They’re launching several SaaS-based products and were looking for insights on how to create value for their customers in new ways to help ensure the success of their products. After all, if customers are getting value from their offerings, they’ll remain (paying) customers.
To-date this software producer has followed the trend that most others follow with SaaS offerings: they were charging by user or by output (e.g. $100 per 50GB). They realized that they were inadvertently over-pricing their software as they reviewed customer feedback. So their basic question (and one that I hear more and more frequently) was:
How do we create more value for our customers in a SaaS world?
The question is a big one with many factors. To start, let’s look at the history of SaaS offerings to help understand the future:
By the mid- to late-2000’s many software producers had a SaaS offering of some sort and were selling “seats” as they had in the past. After all, what worked in the pre-SaaS world should work in a SaaS world right? Not exactly – you’re changing how software is delivered to customers, and the idea of a seat being tied to a physical location is largely gone.
Around 2008 to present day many producers have shifted to consumption models based on some meter of throughput – so customers paid on things like storage used, data sent – just like your cell phone, which charges based on how much data you use and how many calls you make.
While the consumption approach has its advantages it has left many customers feeling like they’re being overcharged because they can’t correlate the value they derive from the software to what they actually pay. The answer?
“Feature-ize” your SaaS applications
Adjust your SaaS pricing models to get closer to where your customers are deriving value by charging them only for the features they use. This is a paradigm shift that requires producers to realize that the value is not in the software itself – it’s in the output from the software. Here are some examples that come to mind:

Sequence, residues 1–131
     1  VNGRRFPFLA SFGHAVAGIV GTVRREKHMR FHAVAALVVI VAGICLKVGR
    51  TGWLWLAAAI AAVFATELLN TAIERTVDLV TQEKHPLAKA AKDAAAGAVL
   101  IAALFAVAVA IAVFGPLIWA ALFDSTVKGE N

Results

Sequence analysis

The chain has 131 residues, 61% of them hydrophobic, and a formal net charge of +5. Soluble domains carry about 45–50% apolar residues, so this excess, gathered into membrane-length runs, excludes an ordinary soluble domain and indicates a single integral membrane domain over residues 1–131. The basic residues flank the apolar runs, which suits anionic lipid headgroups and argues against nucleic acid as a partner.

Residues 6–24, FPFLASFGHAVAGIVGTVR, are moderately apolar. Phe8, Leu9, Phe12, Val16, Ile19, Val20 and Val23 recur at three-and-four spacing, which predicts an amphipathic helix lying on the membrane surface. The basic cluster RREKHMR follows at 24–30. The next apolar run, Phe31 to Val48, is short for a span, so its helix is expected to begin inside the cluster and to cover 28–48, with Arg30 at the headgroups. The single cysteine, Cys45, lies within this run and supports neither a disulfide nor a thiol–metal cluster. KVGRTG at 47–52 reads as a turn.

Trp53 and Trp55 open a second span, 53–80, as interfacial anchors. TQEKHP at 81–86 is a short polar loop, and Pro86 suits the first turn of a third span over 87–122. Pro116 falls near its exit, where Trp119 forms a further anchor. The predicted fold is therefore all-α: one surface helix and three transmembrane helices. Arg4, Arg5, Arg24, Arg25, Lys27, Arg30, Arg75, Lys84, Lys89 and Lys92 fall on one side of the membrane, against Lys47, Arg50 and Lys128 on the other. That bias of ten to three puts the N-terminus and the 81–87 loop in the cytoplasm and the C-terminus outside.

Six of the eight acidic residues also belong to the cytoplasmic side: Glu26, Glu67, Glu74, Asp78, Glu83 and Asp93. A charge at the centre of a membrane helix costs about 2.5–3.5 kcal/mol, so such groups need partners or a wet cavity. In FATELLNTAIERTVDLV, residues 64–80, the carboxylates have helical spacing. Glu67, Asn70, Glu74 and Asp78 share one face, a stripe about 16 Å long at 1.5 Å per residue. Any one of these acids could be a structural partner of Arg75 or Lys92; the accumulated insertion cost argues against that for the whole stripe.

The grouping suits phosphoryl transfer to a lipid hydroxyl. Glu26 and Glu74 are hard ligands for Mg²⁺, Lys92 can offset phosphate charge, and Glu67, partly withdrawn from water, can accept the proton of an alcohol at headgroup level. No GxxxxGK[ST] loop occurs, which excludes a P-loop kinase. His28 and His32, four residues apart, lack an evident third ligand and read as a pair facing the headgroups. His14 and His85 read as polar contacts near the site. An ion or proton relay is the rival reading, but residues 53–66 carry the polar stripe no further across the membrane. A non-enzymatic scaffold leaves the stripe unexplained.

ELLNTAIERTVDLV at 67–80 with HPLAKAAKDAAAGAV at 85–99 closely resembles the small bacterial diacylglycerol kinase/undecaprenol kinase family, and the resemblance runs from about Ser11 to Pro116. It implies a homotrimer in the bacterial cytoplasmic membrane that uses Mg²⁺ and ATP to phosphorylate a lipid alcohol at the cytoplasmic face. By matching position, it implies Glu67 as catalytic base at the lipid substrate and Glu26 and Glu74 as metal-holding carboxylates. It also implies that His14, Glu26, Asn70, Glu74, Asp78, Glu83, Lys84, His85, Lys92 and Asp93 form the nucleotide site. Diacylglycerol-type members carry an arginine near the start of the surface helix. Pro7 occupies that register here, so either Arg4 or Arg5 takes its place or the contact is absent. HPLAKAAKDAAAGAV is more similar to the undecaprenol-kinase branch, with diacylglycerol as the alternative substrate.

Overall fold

- Mapping software company realizes that customers don’t want to “own” the software, they just want to pay for the map components that get integrated into their own maps.
- Software licensing company charges based on revenue – so the more their customers sell (using the producers’ product), they pay more. The correlation is a more transparent one.
- Workflow software company charges based on hours saved per workflow – so the more time they save, the more they pay for the software.
While the above sounds logical, pulling it off is another story – especially for those using homegrown software monetization solutions. The “usage meter” has to be established, captured in real-time, reported back to the home office then billed appropriately. This can get incredibly complex when you multiply any of the above examples times millions of transactions.
I hope this helps provide insights into optimizing your SaaS offerings – what other SaaS issues have you encountered?
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